They dine on half a loaf, smoke hashish, sleep in parked cars or on benches under the plane trees, sometimes borrowing a hotel room from a luckier friend to shelter their love. Some of them write, or paint, or dance.

Vali was dancing and painting and keeping a journal of her daily life. She was occasionally arrested as a vagabond but was usually bailed out by Jean Cocteau. During this time, she met and married Hungarian architect Rudi Rappold and for a time they lived in Vienna, Austria, and then in Positano, Italy. After Rappold’s death, Vali remained in Italy where she had gained the moniker “the Witch of Positano” because of her outsider existence. She continued to paint and write and spend time looking after the local wildlife.

In the sixties, Vali moved to London and then to New York. She was a friend and muse to Salvador Dali and became friends with the likes of Mick Jagger and Marianne Faithful. In 1968, Vali starred with Marianne in a little-seen film called Dope about London’s drug scene. Vali then moved to New York where she lived at the Chelsea Hotel. It was here she met Patti Smith for whom she famously tattooed a lightening fork on her knee. But Vali didn’t like New York. It was brutal, hard and false. After an aneurysm in 1994, Vali eventually returned to Australia.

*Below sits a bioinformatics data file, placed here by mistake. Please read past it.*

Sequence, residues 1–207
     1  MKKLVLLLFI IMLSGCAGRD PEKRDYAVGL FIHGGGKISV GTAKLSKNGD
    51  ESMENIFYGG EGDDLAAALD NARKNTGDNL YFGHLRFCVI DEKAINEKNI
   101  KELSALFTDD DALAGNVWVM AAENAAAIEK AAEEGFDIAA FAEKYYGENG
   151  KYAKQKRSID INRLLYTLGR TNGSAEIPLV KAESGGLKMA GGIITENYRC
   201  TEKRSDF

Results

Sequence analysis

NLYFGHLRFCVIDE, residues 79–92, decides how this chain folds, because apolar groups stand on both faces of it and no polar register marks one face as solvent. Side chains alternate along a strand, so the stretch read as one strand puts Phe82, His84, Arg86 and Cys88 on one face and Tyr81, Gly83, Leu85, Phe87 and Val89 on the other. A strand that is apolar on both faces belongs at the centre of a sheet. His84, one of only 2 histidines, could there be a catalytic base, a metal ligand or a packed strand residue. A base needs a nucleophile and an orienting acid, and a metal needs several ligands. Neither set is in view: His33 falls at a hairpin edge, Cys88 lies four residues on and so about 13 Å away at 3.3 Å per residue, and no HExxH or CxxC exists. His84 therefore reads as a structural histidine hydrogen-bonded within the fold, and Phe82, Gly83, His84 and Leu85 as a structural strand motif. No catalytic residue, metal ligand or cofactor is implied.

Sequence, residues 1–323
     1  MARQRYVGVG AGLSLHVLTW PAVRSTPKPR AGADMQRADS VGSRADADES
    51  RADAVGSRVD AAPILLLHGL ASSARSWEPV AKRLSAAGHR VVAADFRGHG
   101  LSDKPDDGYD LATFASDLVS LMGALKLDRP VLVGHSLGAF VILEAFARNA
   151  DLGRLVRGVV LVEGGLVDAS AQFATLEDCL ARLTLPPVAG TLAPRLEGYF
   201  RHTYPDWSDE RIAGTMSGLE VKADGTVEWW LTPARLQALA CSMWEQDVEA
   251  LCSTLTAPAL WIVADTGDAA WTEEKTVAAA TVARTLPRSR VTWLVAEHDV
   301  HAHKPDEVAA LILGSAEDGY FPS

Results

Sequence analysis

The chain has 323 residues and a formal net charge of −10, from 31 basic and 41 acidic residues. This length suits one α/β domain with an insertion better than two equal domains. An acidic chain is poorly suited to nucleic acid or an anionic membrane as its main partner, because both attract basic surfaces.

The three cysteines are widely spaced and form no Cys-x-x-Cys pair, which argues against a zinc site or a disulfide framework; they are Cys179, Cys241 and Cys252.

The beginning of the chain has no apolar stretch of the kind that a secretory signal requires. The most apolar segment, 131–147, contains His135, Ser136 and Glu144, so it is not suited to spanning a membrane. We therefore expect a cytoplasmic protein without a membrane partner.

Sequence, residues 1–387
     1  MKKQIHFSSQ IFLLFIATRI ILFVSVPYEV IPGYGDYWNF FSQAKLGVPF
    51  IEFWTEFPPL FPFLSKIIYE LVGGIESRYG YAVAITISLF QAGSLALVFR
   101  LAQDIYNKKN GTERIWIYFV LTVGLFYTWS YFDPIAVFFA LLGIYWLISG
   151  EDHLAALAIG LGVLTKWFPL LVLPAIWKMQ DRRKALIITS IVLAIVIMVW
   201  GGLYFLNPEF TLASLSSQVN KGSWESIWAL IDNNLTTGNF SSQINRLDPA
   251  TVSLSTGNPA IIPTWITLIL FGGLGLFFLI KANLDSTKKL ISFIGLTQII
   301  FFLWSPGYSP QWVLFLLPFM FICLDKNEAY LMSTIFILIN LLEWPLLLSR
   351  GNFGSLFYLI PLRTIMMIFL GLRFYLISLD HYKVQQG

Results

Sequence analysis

With her gypsy dress, her flaming red hair and distinctive facial Maori tattoos, Vali was instantly recognizable wherever she went. But it was her outsider artwork that achieved the greater attention. Her paintings were bought by museums and galleries in America, Europe, and Australia and were collected the likes of Mick Jagger and George Plimpton.

Vali died from cancer in February 2003. She had no regrets. She had lived her life as she wanted to live it. On her deathbed she said:

I’ve had 72 absolutely flaming years. It doesn’t bother me at all, because, you know, love, when you’ve lived like I have, you’ve done it all. I put all my effort into living; any dope can drop dead. I’m in the hospital now, and I guess I’ll kick the bucket here. Every beetle does it, every bird, everybody. You come into the world and then you go.

Vali in Paris photograph by Ed van der Elsken.
See some of Vali’s artwork and more iconic photos, after the jump…

Posted by Paul Gallagher | Leave a comment
The anti-communist, anti-capitalist satirical collages of hobo artist Ion Bârlădeanu

Romanian artist Ion Bârlădeanu was making collages for twenty years before the art world got hip to his work in 2007. Suddenly Bârlădeanu was supposed to have worth because someone else said he did. Bârlădeanu didn’t give a fuck. He was a hobo living in a garbage dump. He kept on doing what he was doing because that is what he does. The only thing a little recognition from a bunch of champagne-guzzling art critics meant was money to buy beer, to buy smokes, to get an apartment in Bucharest.